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Wärtsilä's Flexible Power Symposium LATAM and Caribbean Day 2

By Cas Biekmann | Fri, 10/22/2021 - 10:11

With the COP26 summit in Scotland around the corner, integrating renewable energy into the grid with the objective to ward off catastrophic climate change is what is currently dominating the discussion. Because existing grids were not initially constructed to handle the intermittency that comes with renewable energy, countries in Latin America tend to handle the issue differently. Wärtsilä’s Flexible Power Symposium Day 2 outlined some of the success stories and key assets facilitating the energy transition. 

 

El Tesorito: Key Benefit Toward Colombia’s Grid Reliability

In Colombia, much of the energy matrix relies on hydroelectric power plants. Although this is considered a stable and even flexible source of power generation, Colombia requires additional stability. El Tesorito, a 204.7MW Wärtstilä-engineered gas-fired power plant is optimally positioned to ensure the reliability of the grid.

El Tesorito is currently under development in Colombia's Sahagún zone, and is expected to start operating in March 2022. The project features 11 Wärstilä engines and further benefits for a newly nearby constructed 500kV substation. It received natural gas from the nearby Jobo gas field via a dedicated pipeline, its supply guaranteed under a 20-year supply agreement. The Jobo complex currently processes gas from Canacol’s two largest blocks, making the field one of the fastest growing gas production hubs in the country. What makes El Tesorito so valuable for Colombia’s grid is the ancillary service it delivers, which is also intrinsically linked to its value proposition: the power plant receives a US$15.1/MWh reliability charge over a period charge for 20 years, as a result of winning a 2019 auction.

 

Immediate Solutions for Power Producers

With foreseeable greenhouse gas reduction mandates in the horizon, power producers are looking for immediate solutions as their PPA’s are set to expire. This is why natural gas cogeneration and AI guided energy storage solutions will allow companies to maximize existing infrastructure, increase efficiency all while providing significant short-term returns.

Once a risky and unfeasible option, cogeneration has emerged as the most sensible solution to power producers and national decarbonization efforts. Previously, the wide adoption of this solution had been inhibited by the known monopolization of LNG supply and an unpaid infrastructure and technology curb. Since then, however, the supply market has become more diverse and with the support of national governments the necessary infrastructure needed for transport has been built, thereby making gaseous fuels a realistic and low risk input fuel.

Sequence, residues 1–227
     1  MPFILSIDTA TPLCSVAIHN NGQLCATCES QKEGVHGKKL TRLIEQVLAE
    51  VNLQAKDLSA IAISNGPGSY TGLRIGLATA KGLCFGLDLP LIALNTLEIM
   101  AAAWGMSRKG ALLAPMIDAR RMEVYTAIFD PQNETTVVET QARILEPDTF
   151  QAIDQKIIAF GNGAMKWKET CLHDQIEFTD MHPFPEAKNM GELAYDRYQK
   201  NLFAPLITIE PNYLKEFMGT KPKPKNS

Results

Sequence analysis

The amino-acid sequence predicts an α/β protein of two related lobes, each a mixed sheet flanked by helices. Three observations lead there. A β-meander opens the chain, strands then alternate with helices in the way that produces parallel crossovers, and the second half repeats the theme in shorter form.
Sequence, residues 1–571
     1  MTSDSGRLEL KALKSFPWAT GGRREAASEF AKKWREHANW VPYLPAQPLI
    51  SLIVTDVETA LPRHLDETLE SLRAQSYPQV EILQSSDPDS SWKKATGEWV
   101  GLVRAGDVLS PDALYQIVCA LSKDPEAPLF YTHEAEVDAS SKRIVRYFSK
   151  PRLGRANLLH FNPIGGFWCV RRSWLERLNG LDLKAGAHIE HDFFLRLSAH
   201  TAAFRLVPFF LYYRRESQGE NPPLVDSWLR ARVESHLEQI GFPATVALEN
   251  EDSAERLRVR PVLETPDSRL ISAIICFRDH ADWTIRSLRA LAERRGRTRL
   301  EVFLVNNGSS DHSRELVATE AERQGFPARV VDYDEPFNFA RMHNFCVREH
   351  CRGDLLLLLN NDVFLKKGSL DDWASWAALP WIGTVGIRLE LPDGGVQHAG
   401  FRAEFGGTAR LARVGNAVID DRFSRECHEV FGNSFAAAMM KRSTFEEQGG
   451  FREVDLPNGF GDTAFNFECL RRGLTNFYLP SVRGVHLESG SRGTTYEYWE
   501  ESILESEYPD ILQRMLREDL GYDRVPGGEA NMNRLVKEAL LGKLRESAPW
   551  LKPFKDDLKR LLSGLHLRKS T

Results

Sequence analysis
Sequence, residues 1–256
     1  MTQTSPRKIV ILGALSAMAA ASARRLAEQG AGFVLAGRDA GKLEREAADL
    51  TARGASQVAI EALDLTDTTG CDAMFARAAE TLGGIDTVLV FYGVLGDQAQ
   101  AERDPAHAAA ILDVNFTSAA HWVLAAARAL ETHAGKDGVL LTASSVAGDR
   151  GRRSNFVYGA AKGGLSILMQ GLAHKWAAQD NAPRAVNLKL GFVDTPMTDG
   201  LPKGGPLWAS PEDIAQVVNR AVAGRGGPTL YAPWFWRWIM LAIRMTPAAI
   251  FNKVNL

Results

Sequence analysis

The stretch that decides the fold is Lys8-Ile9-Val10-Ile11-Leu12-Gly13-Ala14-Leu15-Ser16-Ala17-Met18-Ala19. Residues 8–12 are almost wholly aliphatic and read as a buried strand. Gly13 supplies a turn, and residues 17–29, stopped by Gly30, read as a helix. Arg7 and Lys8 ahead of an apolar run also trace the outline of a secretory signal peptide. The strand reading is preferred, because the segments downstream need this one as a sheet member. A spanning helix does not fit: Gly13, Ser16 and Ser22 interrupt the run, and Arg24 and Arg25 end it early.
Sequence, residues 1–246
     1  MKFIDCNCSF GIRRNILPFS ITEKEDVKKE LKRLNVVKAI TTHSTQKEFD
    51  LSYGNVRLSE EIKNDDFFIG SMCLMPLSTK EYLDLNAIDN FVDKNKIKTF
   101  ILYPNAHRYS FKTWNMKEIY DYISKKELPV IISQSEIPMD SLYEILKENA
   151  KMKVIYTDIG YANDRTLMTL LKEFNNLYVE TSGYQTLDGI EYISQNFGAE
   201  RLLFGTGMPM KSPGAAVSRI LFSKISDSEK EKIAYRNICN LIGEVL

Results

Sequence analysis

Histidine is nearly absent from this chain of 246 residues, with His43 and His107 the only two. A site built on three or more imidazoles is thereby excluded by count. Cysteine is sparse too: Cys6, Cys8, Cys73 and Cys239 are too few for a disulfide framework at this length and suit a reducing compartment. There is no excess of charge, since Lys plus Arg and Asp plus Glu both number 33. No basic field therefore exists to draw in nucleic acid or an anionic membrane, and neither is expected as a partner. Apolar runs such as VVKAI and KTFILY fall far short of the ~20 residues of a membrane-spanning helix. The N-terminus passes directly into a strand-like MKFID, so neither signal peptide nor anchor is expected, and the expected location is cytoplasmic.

“Overall, cogeneration offers a low risk, highly competitive, low carbon project that will be reliable over the next 10 - 15 years with excellent payback” says Carl Dunaway, GM of Projects & Renewables at the Wärtsilä Flexible Power Symposium.

 

Puerto Rico’s Path to Power System Decarbonization

With only 3 percent of the power being generated by renewables, Puerto Rico is committed to switching to 100 percent carbon neutral power generation by 2050, a “realistic dream,” said Jussi Heikkinen, Director of Growth and Development at Wärtsilä.

Puerto Rico’s plan, which includes two checkpoints (40 percent renewable power in 2025 and 60 percent in 2040), was modeled through PLEXOS Energy Market Simulation Software by the Wärtsilä Latin America team, said Heikkinen during the second day of the company’s Flexible Power Symposium focused on the region. The company specializes in studying and understanding power markets in Latin America and the Caribbean to propose solutions or possible paths to achieve decarbonization, explained Silvia Zumárraga, Market Development Manager at Wärtsilä.

 

A Virtual Tour Through the Manantiales Behr Thermal Power Plant

Working under a full engineering, procurement and construction (EPC) contract, Finnish energy technology pioneer Wärtsilä has built for Argentina’s YPF Luz company a highly efficient 58MW gas-fired power plant located at the Manantiales Behr oil field.

Executives from YPF Luz and Wärtsilä provided a virtual tour of the fascinating power plant during the latter’s Flexible Power Symposium for Latin America and the Caribbean. The Manantiales Behr Thermal Power Plant has a total capacity of 58MW provided via 5 of Wärtsila’s innovative 19V31SG gas engines, each with a capacity of 11.7MW. This makes it the world’s largest power plant that use these engines.

YPF owns and operates a wind farm in the same area. The thermal plant functions to balance and complement the energy that the wind generates, making it an integrated hybrid power plant. “The company’s mission is to generate energy in a sustainable, efficient and profitable manner,” said Santiago Sajaroff, COO of YPF Luz, adding that “The project is completely in line with this way of thinking.” In its operation, the integrated power plant is the first hybrid power production plant in Argentina, catering to both the public and private sector by combining the best of renewable wind energy and natural gas-fired stability. Eventually, both power plants are to be operated from the same control room. YPF Luz, part of the YPF oil and gas company, was created in 2013 and began operating with a portfolio of 830MW. In 2021, its capacity has grown to 2360MW, with a further 152MW under construction.

Photo by:   Wärtsilä
Cas Biekmann Cas Biekmann Journalist and Industry Analyst